Where field-level and record-level constraints define rules concerning the data stored in a single table, referential integrity refers to rules that define relationships between tables. Before continuing with the discussion of referential integrity, it is worthwhile to pause for a moment and consider how tables in an application are related.
In almost all but the simplest application, many tables that make up your database contain related data. For example, you may have one table that contains customer records and another table that contains records of the individual invoices for your customers. These tables are related, in that a given invoice is associated with a specific customer.
This relationship is embodied in the invoice table through the invoice table's customer ID field. Assuming that the invoice table's customer ID field is limited to those customer ID values appearing in the customer ID field of the customer table, and that the customer ID field in the customer table is unique for each customer, if you know the value of the invoice table's customer ID field, you know which customer the invoice is for.
In most applications there are many of these types of relationships. The invoice table records are also likely associated with an employee who made the sale, and that employee will have a record in an employee table. The order may also include a part number or service code, and those values will be associated with records in a parts table or a services table, and on and on.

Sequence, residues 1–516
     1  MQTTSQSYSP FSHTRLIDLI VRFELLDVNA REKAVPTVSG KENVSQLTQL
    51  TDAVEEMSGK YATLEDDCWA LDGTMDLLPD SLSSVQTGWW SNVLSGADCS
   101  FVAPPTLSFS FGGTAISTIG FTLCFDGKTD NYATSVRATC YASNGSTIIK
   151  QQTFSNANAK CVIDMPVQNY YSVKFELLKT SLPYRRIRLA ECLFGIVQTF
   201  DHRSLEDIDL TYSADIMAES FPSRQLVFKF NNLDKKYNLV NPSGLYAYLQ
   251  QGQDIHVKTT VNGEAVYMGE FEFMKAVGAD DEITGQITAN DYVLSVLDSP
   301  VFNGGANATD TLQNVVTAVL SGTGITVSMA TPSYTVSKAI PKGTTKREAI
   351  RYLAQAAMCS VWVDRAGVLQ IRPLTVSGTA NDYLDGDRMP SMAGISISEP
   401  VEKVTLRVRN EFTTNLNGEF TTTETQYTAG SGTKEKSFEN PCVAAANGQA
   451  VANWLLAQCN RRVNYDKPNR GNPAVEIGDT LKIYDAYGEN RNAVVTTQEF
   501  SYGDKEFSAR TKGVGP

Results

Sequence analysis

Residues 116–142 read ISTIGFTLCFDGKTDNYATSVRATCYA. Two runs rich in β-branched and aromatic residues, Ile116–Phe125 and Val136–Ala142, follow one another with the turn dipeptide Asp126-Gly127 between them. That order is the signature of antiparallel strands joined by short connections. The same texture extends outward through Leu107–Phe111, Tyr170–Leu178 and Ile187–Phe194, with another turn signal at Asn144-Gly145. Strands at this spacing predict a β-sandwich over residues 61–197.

When a primary key index order of one table uses the same key expression as a nonprimary index order of a second table, the fields of the second table's index order are referred to as a foreign key. Tables that include one or more foreign keys represent associations. The invoice table, for example, represents an association between an invoice and a customer. It also represents an association between an invoice and an employee responsible for the invoice, so long as the invoice table has at least two foreign keys—one for the customer table and one for the employee table.
The relationship between the customer and invoice tables in this example is often called a master-detail relationship, a one-to-many relationship, or a parent-child relationship. These terms are interchangeable, but the term "parent-child relationship" is used by Advantage.
NOTE: The discussion here assumes that you are familiar with the issues related to relational database design. If you are going to be responsible for designing the new tables for an application, and are not familiar with relational database design issues, you should read about the topic or engage the services of a qualified consultant before you begin. The success of a database application is greatly influenced by the soundness
of its design.
Referential integrity (RI) refers to index-based rules that define how the related data in two tables is managed. RI is useful because the associations among data in the tables of an application are valuable in that, together, they represent important information. For example, if a customer record is deleted from the customer table, and that record was associated with one or more records in the sales table, the deletion of the customer record makes the previously associated sales records less informative. Specifically, you would have a record of a sale, but no information about who made the purchase.